The arts, like every other nonprofit sub-sector, are being challenged by significant contribution losses from government, corporations, foundations, and private donors. Box office and gallery admissions are also eroding as discretionary dollars evaporate. Almost everyone agrees funding problems will become more acute in the upcoming three to five years. Adaptability is replacing growth as a barometer of success. There's no question to me but that the arts organizations that have dynamic, interactive, authentic relationships with their constituents, audiences, and neighbors are the ones that will come out of this maelstrom stronger. Here are ten . . .

Finance Fear Factor Ratios

At even the most solid nonprofit organizations some board members and executive directors are beginning to wonder and worry, "Are we okay? Should we be worried?" Watching the traditional indicators of financial health -- like performance-to-budget or reserve size are important, but they may not give you the immediacy of knowing whether you need to worry today.

One of the main problems is that they don't necessarily address cash availability. For example, you may have a large payment due to you from a government agency, but if they won't be paying it for another two months, you may not be able to meet next week's payroll.

Volunteer Time Financial Statement Illustrations

These financial statement excerpts illustrate the article, "Tracking Volunteer Time to Improve Your Bottom Line: A Complete Accounting Guide," by Dennis Walsh, CPA. See the full article here.

By reporting donated nursing and medical social worker services of $120,000, total public support (before earned revenue) increases from $250,000 to $370,000, or 48%. We also see that inclusion of these services in program expense increases the spending efficiency ratio from 80% to 83%.

Hometown Hospice Care explains the nature of recognized services, as required by GAAP, in the following footnote to . . .

Tracking Volunteer Time to Boost Your Bottom Line: A Complete Accounting Guide

Tracking volunteer time: sounds like another chore? Actually it can help you meet match requirements, improve your financial statement presentations, and reduce liability. In this article, CPA Dennis Walsh of North Carolina explains why and how to include volunteer time in your budgets and financials:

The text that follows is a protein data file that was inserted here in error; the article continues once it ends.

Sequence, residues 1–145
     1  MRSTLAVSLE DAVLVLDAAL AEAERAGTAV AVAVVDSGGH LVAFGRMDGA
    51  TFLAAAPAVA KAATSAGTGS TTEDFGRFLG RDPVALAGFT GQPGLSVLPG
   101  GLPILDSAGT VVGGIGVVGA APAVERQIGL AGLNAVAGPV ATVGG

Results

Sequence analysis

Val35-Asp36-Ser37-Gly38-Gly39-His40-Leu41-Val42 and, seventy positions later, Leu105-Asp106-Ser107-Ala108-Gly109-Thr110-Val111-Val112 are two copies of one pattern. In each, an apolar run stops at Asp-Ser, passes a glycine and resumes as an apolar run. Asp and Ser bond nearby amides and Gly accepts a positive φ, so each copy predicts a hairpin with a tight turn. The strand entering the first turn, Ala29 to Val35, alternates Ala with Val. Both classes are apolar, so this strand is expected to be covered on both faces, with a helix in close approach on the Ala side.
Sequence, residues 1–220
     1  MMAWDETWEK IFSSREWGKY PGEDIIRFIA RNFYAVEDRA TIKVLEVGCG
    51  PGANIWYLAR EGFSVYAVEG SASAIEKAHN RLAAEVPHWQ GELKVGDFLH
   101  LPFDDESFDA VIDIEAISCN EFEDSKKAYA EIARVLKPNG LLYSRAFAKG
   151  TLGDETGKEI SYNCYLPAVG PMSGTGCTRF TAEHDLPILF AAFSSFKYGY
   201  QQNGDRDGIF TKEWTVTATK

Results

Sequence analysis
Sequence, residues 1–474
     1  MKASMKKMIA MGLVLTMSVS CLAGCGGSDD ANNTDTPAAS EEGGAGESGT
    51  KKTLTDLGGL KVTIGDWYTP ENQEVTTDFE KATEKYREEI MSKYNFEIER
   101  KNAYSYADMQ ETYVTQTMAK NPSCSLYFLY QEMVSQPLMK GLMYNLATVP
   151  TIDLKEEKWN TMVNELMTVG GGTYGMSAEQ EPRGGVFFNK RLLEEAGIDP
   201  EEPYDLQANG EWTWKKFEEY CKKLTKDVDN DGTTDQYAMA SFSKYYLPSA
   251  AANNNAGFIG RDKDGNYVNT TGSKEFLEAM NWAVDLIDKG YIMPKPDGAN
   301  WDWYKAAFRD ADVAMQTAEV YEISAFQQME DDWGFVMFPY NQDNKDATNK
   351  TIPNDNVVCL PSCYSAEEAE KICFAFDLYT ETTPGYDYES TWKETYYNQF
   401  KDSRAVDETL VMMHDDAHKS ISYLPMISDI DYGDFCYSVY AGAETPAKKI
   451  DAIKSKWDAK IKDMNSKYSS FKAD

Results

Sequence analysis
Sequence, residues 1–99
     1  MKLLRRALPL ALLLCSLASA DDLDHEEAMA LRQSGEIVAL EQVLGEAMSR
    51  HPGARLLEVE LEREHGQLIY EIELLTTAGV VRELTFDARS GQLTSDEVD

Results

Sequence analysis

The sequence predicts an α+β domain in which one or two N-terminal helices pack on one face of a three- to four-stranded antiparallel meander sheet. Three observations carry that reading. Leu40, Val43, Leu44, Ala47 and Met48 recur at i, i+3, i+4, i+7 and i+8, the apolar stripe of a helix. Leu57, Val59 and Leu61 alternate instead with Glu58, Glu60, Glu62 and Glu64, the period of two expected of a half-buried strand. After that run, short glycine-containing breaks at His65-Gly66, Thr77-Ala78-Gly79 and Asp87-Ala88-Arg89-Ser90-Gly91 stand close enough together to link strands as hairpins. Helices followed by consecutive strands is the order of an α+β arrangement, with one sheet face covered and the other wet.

An all-volunteer suicide hotline was having a hard time raising funds. Its total budget was $45,000, which paid for a small office, telephone lines, and advertising. It asked for operating support, overhead and other funds in its fundraising proposals. Unfortunately, many foundations and donors are allergic to those terms. But when the hotline added up the time its volunteers spent answering phones, attending trainings and . . .

Nonprofit Layoffs and Furloughs: Do Them Right

Dear Rita: It looks like we're going to have to lay some people off in the next couple of months. But the management team is also considering furloughs, a week's shutdown, and other choices. The decision about what to do won't be made by us in HR. But we will need to carry out the unpleasant acts. How can we do these legally and nicely? --Dreading It All

Dear Dreading It All: My sympathies are with you and although it probably won't help you feel better, many community nonprofits are in the same boat. And your attention to the HOW is important: how people are laid off (or hear about pay cuts, etc.) makes a big difference in how the departing staff feel and how the remaining staff can move forward in a positive way. Each group has to assess what works best on their own particular boat, but here are some things to think about:

Six Things Every Board Member Should Know About the NEW 990

Just the thought of an IRS form can bring out the clouds on a sunny day. But now that this annually required nonprofit form is on the web for everyone to see (at, it goes beyond compliance to being an important way to tell your organization's story.

Federal Form 990 from the Internal Revenue Service (IRS) is like a tax return for nonprofits, but since we are tax-exempt, it's called an "information return."

You may have heard by now that the IRS Form 990 has been substantially revised for the fiscal years beginning in 2008 and in the future. The issues disclosed on the form that especially interest the media, potential donors, and the general public still include executive compensation and overhead costs, but with this revised form, the